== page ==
In New York - Winning Together

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August 2018




IN NEW YORK A Spotlight on Swedish-American Business

winning together NEW MEMBERS

















No. 4 2018


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Anna Throne-Holst: Publisher

Yasmina Backstrรถm: Editor-in-Chief

Isabella Cramner: Editor-in-Chief, Art Director & Editorial

Eustacia Huen: Editor & Writer

Alexandra Mix: Contributing Writer

August 2018



Guest Column by Michael Docherty



Featuring Richard F. Langan, Jr., Nixon Peabody


Featuring Fjällräven, SprinkleBit, Doberman & Sandberg Trygg






One-on-One with Marie Wall, Ministry of Enterprise and Innovation



Anticimex, Maria Nila, Unna Bakery, Cobble Hill Juice Company



New Gold Members Telia Company New Board Member, Christian Luiga

Featuring Paul Brody & Helena Robertsson, EY

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Sustainability, Sweden the Brand, Business in the U.S., and Entrepreneurship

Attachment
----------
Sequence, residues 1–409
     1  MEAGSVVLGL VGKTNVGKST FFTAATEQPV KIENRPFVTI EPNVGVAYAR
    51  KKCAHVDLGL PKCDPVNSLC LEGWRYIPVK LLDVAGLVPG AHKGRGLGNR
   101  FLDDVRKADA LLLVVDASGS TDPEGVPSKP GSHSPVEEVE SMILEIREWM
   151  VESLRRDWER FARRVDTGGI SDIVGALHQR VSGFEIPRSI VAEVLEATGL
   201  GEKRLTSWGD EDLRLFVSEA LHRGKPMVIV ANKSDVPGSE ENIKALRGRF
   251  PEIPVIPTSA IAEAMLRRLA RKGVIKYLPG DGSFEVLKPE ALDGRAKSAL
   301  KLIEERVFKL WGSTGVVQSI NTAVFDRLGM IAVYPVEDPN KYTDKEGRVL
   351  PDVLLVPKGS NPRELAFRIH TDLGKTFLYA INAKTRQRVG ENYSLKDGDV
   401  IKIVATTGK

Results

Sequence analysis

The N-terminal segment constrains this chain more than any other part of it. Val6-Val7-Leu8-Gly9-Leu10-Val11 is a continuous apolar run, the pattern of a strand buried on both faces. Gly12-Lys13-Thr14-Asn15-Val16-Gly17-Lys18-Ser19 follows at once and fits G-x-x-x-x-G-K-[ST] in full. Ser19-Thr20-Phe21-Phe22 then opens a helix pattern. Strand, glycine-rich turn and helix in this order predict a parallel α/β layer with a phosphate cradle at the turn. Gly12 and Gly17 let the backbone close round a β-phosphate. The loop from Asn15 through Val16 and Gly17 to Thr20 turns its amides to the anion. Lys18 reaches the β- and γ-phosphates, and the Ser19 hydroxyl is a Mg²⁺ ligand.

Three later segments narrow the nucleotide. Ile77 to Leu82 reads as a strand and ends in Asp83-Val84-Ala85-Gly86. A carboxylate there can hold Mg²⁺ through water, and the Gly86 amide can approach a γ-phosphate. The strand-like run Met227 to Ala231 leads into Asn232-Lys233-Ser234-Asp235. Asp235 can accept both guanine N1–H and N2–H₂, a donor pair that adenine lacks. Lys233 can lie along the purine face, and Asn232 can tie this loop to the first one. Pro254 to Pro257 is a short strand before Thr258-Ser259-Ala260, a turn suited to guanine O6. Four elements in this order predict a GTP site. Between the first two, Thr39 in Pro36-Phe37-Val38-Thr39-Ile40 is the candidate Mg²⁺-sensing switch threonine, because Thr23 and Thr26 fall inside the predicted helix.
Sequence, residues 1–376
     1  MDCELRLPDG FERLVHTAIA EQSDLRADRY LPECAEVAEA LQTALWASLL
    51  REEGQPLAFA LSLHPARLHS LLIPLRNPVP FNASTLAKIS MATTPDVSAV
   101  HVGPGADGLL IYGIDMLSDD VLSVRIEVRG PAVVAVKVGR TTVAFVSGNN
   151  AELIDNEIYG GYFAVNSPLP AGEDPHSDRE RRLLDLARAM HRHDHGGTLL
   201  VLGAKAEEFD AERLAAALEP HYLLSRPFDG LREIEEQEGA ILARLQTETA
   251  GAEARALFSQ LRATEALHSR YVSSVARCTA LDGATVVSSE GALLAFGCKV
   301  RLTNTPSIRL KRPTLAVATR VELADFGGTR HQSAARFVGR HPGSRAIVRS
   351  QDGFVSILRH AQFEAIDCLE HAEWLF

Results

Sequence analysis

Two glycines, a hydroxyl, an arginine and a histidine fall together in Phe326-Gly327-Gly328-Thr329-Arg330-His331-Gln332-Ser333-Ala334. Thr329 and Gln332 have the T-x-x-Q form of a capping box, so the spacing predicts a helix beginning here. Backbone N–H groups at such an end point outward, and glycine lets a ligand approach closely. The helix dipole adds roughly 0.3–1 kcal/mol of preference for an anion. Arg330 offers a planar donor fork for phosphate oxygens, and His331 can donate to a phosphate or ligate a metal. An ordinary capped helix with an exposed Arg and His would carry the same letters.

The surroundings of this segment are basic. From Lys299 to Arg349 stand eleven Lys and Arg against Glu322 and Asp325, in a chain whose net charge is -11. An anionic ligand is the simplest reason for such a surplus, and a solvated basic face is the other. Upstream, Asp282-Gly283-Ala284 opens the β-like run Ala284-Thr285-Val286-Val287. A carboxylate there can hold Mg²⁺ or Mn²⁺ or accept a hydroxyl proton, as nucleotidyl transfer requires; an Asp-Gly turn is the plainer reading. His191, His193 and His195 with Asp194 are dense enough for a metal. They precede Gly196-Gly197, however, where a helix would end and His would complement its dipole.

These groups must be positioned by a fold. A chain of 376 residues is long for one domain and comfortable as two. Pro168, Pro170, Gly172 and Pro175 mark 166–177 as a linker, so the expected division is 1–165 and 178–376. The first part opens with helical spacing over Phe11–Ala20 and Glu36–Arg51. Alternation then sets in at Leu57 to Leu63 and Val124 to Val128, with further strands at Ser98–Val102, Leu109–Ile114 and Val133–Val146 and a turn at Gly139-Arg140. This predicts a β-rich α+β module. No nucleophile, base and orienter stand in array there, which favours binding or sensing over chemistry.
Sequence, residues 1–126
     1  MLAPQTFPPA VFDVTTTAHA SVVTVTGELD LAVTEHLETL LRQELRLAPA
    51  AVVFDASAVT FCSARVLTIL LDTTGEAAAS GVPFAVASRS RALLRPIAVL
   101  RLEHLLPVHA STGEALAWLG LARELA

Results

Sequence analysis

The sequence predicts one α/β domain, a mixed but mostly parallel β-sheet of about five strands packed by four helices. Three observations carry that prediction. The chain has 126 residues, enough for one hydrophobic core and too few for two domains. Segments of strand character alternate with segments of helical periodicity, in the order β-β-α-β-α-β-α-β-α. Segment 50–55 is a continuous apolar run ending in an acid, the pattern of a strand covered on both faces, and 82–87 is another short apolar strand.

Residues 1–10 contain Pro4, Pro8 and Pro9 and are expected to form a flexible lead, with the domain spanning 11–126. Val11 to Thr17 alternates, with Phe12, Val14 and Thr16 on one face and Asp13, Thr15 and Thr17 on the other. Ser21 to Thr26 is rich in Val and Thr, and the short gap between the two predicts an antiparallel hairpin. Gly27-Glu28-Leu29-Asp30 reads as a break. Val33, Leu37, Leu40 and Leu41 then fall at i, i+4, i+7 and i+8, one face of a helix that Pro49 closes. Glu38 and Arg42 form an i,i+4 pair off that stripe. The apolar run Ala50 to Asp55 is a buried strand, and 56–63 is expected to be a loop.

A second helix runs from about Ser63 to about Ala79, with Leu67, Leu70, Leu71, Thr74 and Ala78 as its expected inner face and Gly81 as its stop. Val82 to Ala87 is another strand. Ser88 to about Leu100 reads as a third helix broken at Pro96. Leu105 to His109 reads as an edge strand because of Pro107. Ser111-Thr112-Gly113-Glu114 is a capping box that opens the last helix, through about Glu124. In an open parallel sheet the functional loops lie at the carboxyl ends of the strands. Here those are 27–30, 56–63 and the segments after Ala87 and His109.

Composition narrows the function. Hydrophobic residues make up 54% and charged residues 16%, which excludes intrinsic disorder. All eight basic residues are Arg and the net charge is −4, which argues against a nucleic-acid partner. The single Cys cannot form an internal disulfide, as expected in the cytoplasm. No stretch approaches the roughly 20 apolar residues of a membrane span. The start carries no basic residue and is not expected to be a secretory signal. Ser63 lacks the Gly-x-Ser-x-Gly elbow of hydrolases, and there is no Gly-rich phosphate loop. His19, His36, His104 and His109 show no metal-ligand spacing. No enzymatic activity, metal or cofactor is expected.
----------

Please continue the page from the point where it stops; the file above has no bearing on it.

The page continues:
How are you working to educate the next generation of unicorns? Q&A’s with Uni:s


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Chamber of Commerce, Inc.

expressed in signed articles are not necessarily those of the officers and directors of SACCNY.



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Acceleration Program Eight Startups & Scaleups to watch in 2018 Success Stories From Last Year

L ET TER FR OM T H E P R E S I D E NT Dear Members and Friends As the biggest Swedish-American network, SACCNY offers unlimited opportunities for collaboration. Join us this fall for our upcoming projects to enhance these opportunities!

Companies helping us to realize Gateway

ABB, Alfa Lval, AstraZeneca, Atlas Copo, Axel Johnson, Carlson, Circle Line Cruise, Diageo, Electrolux, Ericsson, Handelsbanken, Nordea, Patricia Industries, Perstorp, Pfizer, SAAB, SAS, Scania, Skanska, SKF, Svenskt Näringsliv, StenaLine & Volvo